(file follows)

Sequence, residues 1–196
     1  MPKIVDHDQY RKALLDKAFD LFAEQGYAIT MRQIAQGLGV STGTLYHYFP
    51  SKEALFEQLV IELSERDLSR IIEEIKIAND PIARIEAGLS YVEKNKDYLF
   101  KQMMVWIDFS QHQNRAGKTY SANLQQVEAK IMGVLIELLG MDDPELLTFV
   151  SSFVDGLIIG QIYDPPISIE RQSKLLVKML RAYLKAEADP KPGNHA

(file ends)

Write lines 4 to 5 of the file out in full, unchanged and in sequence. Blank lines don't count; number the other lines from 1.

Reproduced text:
   101  KQMMVWIDFS QHQNRAGKTY SANLQQVEAK IMGVLIELLG MDDPELLTFV
   151  SSFVDGLIIG QIYDPPISIE RQSKLLVKML RAYLKAEADP KPGNHA